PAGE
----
How to Help a Friend Who Self-Harms

October 5, 2020 Martyna Halas

Seeing your self-harming friend suffer in silence can't be easy. However, sometimes trying to help can only make things worse. Approaching your friend with patience, kindness, and understanding is vital.

My Friend Self-Harms. What Can I Do?

There are many reasons why people self-harm and their motivations are often complex. If you decide to approach your friend and ask about that person's self-harm, you must stay non-judgmental and open-minded. You're about to discover your friend's biggest secret, and even though it might not make sense to you, your friend is using self-harm to cope with negative emotions.

Before you start the conversation, make sure you're mentally in the right place. Confronting your friend might be upsetting to both of you. Your friend might resist, get defensive, or even react with anger. Therefore, do it only if you're sure that you can remain patient and calm.

How to Ask About Your Friend's Self-Harm

Asking about your friend's self-harm scars straight away might come across as harsh, and it might result in that person using excuses as to why it's not what it looks like. Therefore, a good first question would be something like: "I can see you've been in a lot of pain recently. Do you want to tell me what's going on?"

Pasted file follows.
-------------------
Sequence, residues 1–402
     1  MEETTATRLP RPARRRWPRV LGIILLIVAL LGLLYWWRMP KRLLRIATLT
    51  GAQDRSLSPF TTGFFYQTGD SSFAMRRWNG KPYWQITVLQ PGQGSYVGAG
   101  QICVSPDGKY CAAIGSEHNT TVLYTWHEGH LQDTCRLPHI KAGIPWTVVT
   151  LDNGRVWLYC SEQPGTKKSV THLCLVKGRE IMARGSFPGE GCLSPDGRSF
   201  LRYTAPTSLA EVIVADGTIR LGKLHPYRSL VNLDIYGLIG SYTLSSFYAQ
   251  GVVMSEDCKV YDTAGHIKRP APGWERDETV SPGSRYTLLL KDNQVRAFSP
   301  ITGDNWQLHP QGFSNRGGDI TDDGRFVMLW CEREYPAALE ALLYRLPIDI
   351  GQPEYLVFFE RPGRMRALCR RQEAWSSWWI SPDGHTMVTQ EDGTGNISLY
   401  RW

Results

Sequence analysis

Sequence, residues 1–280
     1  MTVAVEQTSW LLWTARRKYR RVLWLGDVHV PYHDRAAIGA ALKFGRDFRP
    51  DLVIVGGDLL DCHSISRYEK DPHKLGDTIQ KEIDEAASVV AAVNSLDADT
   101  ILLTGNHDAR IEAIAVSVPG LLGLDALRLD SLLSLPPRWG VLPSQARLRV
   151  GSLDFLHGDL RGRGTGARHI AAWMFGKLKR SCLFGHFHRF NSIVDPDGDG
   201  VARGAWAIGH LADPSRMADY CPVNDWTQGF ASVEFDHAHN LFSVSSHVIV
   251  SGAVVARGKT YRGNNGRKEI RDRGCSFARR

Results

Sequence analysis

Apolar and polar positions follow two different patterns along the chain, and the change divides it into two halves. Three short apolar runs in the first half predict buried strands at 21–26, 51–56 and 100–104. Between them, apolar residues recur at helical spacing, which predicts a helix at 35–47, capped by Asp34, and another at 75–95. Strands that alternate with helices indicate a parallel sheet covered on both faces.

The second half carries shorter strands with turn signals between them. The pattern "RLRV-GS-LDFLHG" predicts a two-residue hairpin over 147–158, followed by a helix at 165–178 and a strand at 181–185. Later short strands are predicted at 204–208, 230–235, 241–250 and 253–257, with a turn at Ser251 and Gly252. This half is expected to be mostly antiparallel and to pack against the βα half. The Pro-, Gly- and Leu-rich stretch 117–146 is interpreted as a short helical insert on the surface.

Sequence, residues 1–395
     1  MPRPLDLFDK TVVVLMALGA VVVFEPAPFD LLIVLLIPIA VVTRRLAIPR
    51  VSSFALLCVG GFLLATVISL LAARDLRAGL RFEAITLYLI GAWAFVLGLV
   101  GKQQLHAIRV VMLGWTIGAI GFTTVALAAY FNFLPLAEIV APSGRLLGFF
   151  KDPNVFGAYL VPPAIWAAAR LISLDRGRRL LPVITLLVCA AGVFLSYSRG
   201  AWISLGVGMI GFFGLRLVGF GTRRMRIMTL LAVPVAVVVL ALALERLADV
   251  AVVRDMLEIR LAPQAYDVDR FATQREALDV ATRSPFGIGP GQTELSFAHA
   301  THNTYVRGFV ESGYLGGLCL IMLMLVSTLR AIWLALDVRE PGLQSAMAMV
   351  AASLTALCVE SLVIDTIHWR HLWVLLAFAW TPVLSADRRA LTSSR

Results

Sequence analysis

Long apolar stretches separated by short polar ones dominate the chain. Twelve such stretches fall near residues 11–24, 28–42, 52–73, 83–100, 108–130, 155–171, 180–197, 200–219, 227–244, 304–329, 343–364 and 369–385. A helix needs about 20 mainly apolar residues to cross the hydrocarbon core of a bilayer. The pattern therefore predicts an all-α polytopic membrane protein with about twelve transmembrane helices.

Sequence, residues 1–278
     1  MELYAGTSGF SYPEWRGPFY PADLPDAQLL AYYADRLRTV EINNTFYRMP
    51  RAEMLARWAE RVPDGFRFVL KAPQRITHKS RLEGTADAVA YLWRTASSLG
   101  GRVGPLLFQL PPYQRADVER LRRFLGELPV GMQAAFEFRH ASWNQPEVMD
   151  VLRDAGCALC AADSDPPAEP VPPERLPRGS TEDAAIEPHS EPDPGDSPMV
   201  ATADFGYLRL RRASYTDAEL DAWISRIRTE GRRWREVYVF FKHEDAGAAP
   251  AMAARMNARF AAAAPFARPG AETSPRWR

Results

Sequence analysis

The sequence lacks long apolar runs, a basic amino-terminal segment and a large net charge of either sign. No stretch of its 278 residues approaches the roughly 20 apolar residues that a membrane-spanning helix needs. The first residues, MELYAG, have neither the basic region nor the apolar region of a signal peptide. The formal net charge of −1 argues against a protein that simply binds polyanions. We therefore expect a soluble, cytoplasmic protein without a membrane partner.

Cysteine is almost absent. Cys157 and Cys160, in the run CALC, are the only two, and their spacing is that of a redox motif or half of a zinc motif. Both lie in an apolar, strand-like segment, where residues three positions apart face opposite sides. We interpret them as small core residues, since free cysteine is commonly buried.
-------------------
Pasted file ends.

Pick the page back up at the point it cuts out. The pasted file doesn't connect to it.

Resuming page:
It's a more open-ended question and might encourage your friend to open up without directly addressing the self-harm.

If you decide to address your friend's scars, do it gently. For instance, you could say: "I noticed your scars. I want you to know that I am here for you."

This way, you signal that you're not going to judge and that you're willing to listen. 

Remember that you can't, and you shouldn't manage your friend's self-harm on your own. It might be best to suggest professional help -- but again, do it gently. You could say: "I am here for you, but I may not be able to help you alone. Let's get you some support. I can come with you if you want." 

Admitting that professional help is necessary can be a scary thing, but knowing that you will be there every step of the way might convince your friend to seek deserved support.

What Not to Say to a Friend Who Self-Harms

Lastly, even if you have good intentions, be careful with what you say to someone who self-harms. For instance, never say: "It's not that bad."

You don't know the intensity of your friend's pain; you don't live inside your friend's head.

Also, never react with: "Why would anyone self-harm? How could you do such a thing? I don't understand."

Your friend is likely dealing with extreme feelings that your friend may not understand. It's not that person's responsibility to explain how it works. Keep an open mind, be supportive, and be sympathetic to your friend's pain. That's all you can do, and it's already a lot.

Do you have a friend who self-harms? How do you help? Let me know in the comments. 

APA Reference
Halas, M. (2020, October 5). How to Help a Friend Who Self-Harms, HealthyPlace. Retrieved on 2024, May 23 from

Author: Martyna Halas

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